• I managed to score yet another phenomenal cover from my favorite designer.
  • With each novel release, I am growing my brand and (hopefully!) expanding my reader base.

As many of you know, self-publishing has its pros and cons – but I have to admit that this experience has been one of the better ones. I had a great support system, a really fun story to write and the benefits of learning from my previous adventures with Children of the Fallen and Colony One.

I cannot underline enough how much the support of my readers, friends and family has helped in allowing me to continue this journey. This announcement would be incomplete without a very large and very sincere THANK YOU to all of you. All I ever wanted to do was put out entertaining stories that inspire the imagination – and I look forward to doing this for years to come!


Eve2Eve is the founder of Some Nerd Girl and the author of urban fantasy novels Children of the Fallen and Unforgettable as well as science fiction novel Colony One. She has been writing since the age of 13 and has been flying her nerd flag for the past 16 years. Fandoms include Star Wars, Star Trek and Battlestar Galactica. Basically if it has ‘star’ in it, she’ll give it a shot.

27 Why Kylo Ren Turned to the Dark Side, pt 3 – Some Nerd Girl Original Comic

Darth probably could have gone on for a while…

Check out all the SNGCs here and join us every Monday for a new original SNG Webcomic!


AlexAlex is our resident Webcomic creator. He grew up in Puerto Rico, but didn’t reach true Nerdom until he came state side when he was in middle school. He’s been drawing since he was five, but has only started posting Webcomics in the past year. You can check out his amazing and original work at tapastic.com/gomezalexj.

The Astrobiologist’s Guide to the Galaxy

In my last post, I detailed some of the hottest locations for astrobiology in our Solar System. Today, however, we’re going to be going farther afield- outside the Solar System entirely, in fact.

The discovery of exoplanets – planets that orbit other stars- has been one of the great scientific success stories of the last century. In less than 20 years, we’ve gone from a handful of early detections to literally over a thousand (plus thousands more “candidates” that are awaiting verification). Obviously, astrobiologists have been more than a little excited by this pace of discovery.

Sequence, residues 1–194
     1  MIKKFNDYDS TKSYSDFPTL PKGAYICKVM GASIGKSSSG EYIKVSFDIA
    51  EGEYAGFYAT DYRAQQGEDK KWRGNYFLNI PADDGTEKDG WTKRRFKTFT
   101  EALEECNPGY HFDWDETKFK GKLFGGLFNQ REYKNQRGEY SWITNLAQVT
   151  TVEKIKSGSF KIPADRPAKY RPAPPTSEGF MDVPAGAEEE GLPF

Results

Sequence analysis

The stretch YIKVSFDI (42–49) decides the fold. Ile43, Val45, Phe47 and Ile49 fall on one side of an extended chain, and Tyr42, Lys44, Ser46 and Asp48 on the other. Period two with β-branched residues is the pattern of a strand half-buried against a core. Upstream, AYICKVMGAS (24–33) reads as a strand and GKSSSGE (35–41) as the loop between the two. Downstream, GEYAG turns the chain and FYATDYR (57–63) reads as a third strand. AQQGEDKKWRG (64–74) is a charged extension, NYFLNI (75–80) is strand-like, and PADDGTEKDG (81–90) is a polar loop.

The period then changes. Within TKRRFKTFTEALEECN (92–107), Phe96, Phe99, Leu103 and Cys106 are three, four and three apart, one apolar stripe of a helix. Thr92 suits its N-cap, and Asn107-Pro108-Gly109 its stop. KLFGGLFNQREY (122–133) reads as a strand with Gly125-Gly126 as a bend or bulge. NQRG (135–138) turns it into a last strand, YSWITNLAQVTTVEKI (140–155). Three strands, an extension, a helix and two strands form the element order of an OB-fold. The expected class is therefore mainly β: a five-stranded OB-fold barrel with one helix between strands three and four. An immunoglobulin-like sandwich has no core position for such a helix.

Detecting an exoplanet is no mean feat- such bodies are usually a million times dimmer than their host star, and the light of the star tends to overwhelm such faint emissions. However, several techniques have been developed to get around these limitations.

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The earliest used, Doppler spectroscopy,takes advantage of the fact as a planet orbits a star, it “tugs” on its center of mass, causing it to “wobble” ever so slightly. The motion due to this wobble can be detected by looking for the resulting Doppler shift in the star’s spectra. However, this method is generally most effective in determining extremely large planets that orbit close to their parents stars (so called “hot Jupiters”), which are unlikely to host life.

The most successful method used to date has been transit photometry, which looks for tiny dips in the star’s light output as the planet crosses in front of it. This method does have some limitations- the star, the planet, and Earth have to be precisely aligned for the transit dip to be visible- but it’s a relatively easy signal to look for otherwise. Transit photometry has been used by a number of different observing missions, the most famous example being the spectacular planet-hunting Kepler space telescope.

A few other planets have been detected using more esoteric methods, such as gravitational microlensing or timing pulsations in stars and pulsars. A scant handful have even been directly imaged, although this only feasible if the planet is extremely large, hot, and widely separated from its host star.